While the Mauritanian upper class has become rich in mining and commercial fishing, the vast majority of residents live in great scarcity as small farmers or livestock keepers. Although the proportion of poor people in the population has decreased, the country is still one of the least developed in the world. Almost half of the population is considered poor.
The general health situation is bleak. Access to clean water is limited, substandard sewage systems are spreading diseases and almost half a million Mauretanians are malnourished. Common causes of death are malaria, measles and diseases of the airways, stomach and intestines. Health clinics and hospitals suffer from a lack of equipment and personnel. Maternal and child mortality rates are high, but have nevertheless declined in recent years.
- Countryaah Official Site: Official statistics for population in Mauritania, including population growth, density, and estimation in next 50 years.
There is a social insurance system that provides the few Mauretanians with a formal employment of modest pensions, sickness benefits and more.
Mauritanian women are discriminated against in several ways. The Islamic Sharia law, which is partially applied in the country, makes a difference between men and women. Among other things, it is required that two women testify in order to have the same value as a man’s testimony. Female genital mutilation is traditionally a significant problem in all ethnic groups except wolof. Although the state has been campaigning against genital mutilation, at least a quarter of the women have been subjected to the intervention. In 2010, some 30 Islamic scholars signed a fatwa, a religious injunction, which prohibits female genital mutilation.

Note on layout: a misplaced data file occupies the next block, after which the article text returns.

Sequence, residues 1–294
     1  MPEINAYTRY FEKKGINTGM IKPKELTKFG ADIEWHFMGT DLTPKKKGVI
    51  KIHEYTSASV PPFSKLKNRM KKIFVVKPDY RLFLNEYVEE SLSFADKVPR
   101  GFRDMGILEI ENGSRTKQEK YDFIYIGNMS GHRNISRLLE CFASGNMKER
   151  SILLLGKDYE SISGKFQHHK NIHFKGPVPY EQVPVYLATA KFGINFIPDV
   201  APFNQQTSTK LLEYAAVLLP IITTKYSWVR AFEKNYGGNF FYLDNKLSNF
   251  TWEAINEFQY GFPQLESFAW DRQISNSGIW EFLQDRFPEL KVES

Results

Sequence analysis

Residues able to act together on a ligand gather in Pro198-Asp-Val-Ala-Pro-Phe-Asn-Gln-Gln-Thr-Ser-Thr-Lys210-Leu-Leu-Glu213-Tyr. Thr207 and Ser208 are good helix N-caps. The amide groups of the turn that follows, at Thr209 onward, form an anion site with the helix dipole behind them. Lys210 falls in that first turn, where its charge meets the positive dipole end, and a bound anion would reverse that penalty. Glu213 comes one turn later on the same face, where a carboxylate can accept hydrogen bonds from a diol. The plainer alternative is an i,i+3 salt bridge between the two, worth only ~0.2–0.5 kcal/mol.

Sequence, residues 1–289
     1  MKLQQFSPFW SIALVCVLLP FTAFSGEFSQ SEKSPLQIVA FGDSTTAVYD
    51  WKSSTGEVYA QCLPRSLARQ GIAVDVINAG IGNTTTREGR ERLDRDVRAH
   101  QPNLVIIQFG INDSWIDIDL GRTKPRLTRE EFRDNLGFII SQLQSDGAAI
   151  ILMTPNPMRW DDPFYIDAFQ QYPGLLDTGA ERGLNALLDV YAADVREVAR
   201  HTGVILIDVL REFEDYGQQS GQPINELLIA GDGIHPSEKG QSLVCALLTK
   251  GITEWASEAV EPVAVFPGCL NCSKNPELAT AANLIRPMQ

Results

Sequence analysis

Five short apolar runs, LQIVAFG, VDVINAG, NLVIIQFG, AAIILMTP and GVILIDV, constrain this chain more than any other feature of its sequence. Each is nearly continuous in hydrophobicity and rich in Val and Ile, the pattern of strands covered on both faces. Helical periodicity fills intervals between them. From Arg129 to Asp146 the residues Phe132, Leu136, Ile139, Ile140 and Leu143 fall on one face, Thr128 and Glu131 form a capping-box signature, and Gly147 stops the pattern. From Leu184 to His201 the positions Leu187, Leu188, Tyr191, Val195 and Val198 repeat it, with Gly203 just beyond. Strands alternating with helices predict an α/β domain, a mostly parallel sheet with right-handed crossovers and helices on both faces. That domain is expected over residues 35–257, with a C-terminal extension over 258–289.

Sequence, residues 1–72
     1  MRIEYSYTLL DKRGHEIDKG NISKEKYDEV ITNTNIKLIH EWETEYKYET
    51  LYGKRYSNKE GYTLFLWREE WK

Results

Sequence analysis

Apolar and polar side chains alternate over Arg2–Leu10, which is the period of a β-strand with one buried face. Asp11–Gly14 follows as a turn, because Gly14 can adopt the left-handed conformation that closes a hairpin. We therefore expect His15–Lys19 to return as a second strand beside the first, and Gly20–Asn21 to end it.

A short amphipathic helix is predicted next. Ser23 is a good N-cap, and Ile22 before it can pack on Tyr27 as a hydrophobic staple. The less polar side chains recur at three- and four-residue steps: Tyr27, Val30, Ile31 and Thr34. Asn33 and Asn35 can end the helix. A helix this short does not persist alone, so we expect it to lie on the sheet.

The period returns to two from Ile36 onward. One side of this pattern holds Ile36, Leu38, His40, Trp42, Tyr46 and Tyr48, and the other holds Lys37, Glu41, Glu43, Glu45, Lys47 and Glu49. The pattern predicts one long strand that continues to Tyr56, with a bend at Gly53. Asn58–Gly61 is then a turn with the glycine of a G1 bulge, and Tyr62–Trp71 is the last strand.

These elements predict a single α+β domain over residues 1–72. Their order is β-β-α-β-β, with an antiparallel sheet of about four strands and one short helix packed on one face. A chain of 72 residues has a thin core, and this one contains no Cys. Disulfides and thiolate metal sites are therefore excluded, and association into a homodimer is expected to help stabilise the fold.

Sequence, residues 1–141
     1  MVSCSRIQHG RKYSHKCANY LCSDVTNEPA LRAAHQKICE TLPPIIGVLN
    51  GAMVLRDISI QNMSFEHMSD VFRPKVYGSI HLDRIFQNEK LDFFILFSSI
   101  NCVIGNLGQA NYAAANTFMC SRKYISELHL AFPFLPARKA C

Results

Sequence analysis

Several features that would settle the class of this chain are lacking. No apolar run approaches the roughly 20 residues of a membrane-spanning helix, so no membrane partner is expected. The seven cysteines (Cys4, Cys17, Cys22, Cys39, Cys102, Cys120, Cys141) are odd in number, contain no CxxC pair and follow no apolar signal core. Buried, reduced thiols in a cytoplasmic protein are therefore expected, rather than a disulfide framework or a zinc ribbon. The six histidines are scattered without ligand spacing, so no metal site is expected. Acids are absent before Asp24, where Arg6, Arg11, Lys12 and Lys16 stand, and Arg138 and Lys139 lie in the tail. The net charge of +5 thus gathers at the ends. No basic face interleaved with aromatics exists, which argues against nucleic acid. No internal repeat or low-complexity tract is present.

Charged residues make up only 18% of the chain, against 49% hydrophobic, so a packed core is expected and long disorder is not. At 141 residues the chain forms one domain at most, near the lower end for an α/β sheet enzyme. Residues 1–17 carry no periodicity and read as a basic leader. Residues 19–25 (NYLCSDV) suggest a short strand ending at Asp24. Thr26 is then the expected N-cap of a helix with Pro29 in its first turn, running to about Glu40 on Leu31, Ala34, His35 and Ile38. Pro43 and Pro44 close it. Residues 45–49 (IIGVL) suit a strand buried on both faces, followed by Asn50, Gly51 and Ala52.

Prior to the 2006 parliamentary elections, a law was passed requiring that every fifth candidate on the party lists be female.
A man may have several wives, but few Mauritanian men have more than one wife. Divorce is relatively common and can be taken on the initiative of the woman. That rarely involves any stigma. The family can thus consist of one man, several women and children from the various wives. Several families are part of a clan through kinship. Forced marriage of underage girls occurs.
Children’s rights are lacking in many respects. A child can be punished already at the age of seven. According to the law, children can be punished with whipping or amputation of limbs, but it was a long time since such punishments were meted out. Aga is common both at home and at school. The minimum age for work is 14 years, but it is common for even younger children to be forced to do body work. Discrimination against disabled children, street children and girls in general is not uncommon.
Homosexuality is prohibited and subject to the death penalty for men.
FACTS – SOCIAL CONDITIONS
Infant Mortality: 52 per 1000 births (2018)
Percentage of HIV infected: 0.2 percent (2018)
Proportion of HIV infected among young women
0.1 percent (2018)
Proportion of HIV infected among young men: 0.1 percent (2018)
Proportion of population with access to clean water: 69.6 percent (2015)
Proportion of the population having access to toilets: 48.4 percent (2017)
Public expenditure on health care as a percentage of GDP: 4.6 percent (2015)
Public expenditure on health care per person: US $ 47 (2016)
Proportion of women in parliament: 20 percent (2018)